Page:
Tuesday, September 9: I need shampoo and conditioner, body lotion and toilet paper, a scrub brush and cleaning solution. I go with my list in hand to NanBai SuperMarket outside the main gate of the university. Foolishly, I figure I’ll be able to find these things easily. I’m wrong. Have you ever noticed that shampoo and conditioner bottles, as well as body lotion and body wash, all look alike? We can tell them apart in our home countries, but only because we can read the labels.
The array of products in the supermarket is overwhelming. Of course most products don’t have English labels, so you have to figure out what you’re looking at by scoping out similar products in the same aisle, or by looking at pictures on the package, or by asking for help. Asking for help isn’t easy either, as most of the staff in the supermarket speaks no English.
I do recognize one thing. Chinese kisses, of the Hershey’s variety.
The Chinese people seem to love their snacks. There are hundreds of choices, and I don’t know what half of them are.
It’s common knowledge that the Chinese language is especially difficult because Chinese characters do not constitute an alphabet. Each character generally represents one syllable of spoken Chinese and may be a word on its own or a part of a polysyllabic word. The characters themselves are often composed of parts that may represent physical objects, abstract notions, or pronunciation. Educated and literate Chinese people must memorize about 4,000 symbols.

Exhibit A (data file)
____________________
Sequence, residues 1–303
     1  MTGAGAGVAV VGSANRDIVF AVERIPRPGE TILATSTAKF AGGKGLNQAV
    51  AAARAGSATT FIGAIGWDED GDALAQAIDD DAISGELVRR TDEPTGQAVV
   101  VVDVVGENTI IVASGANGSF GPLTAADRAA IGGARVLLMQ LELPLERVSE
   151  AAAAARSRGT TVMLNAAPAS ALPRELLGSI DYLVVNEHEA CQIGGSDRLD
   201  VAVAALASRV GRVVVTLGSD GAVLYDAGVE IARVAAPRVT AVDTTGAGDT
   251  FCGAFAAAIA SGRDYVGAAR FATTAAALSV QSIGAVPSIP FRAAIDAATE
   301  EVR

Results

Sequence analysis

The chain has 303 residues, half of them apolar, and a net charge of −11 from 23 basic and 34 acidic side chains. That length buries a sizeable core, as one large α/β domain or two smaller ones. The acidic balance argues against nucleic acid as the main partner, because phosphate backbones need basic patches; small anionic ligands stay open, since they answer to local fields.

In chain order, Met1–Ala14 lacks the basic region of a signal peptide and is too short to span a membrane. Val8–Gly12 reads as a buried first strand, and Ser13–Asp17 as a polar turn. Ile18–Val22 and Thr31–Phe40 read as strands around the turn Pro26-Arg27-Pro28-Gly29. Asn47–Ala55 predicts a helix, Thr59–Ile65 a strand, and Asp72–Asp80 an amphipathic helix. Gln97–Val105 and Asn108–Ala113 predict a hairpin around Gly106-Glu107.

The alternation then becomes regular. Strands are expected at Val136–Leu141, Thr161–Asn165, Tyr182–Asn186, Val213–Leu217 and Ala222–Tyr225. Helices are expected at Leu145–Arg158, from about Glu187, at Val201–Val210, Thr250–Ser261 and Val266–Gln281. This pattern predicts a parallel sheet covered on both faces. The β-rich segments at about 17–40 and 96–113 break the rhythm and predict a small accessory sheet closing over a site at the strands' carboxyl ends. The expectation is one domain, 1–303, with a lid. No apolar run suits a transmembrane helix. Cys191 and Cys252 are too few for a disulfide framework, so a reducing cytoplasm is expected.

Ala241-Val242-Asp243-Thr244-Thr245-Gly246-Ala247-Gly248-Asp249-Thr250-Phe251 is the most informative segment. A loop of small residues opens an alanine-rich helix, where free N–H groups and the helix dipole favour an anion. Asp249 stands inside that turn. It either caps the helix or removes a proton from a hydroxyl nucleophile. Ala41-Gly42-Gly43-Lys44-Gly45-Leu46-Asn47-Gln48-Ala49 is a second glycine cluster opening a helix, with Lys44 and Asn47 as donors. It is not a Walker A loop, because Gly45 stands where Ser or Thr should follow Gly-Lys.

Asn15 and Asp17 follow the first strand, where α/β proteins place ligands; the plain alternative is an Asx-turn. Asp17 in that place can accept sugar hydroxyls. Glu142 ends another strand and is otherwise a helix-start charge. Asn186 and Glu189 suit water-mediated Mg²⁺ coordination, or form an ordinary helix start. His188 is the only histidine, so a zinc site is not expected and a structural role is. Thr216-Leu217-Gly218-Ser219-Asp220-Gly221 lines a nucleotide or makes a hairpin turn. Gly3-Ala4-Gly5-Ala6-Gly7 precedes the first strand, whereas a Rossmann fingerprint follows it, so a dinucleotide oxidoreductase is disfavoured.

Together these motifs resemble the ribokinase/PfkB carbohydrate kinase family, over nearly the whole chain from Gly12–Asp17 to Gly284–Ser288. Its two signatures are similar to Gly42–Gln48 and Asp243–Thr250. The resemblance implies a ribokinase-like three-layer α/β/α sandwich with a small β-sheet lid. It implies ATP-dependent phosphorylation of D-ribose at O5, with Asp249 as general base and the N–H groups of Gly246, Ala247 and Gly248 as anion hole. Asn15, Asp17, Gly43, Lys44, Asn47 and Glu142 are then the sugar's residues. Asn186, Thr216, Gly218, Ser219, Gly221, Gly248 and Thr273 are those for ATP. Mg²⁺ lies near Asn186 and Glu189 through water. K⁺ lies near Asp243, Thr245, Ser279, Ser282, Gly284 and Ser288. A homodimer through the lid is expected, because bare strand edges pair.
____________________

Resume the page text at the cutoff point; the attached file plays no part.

I’d think English would be easy in comparison.
I’d love to buy some beer, but I have no idea what kind to get. I pick a couple randomly: Tsingtao and Xiaomaiwang.
I pull out my phone and look at my Chinese translation app, Pleco. This app will save my life in China. Either that or I need to seriously learn some Chinese. The app allows you to spell out an English word, and then a drop-down list of Chinese words pops up. You can look through the definitions and find the one closest to your meaning. When I put in “shampoo,” I find seven different words for shampoo: xifaji, xiangbo or xifaru are a few of them. These are the Pinyin spellings, and they also have marks on them like stress marks, short vowel sound marks, etc, but I don’t know how to type them in, so you can just imagine. Pinyin is the official phonetic system for transcribing the Mandarin pronunciations of Chinese characters into the Latin alphabet in the People’s Republic of China, Republic of China (Taiwan), and Singapore.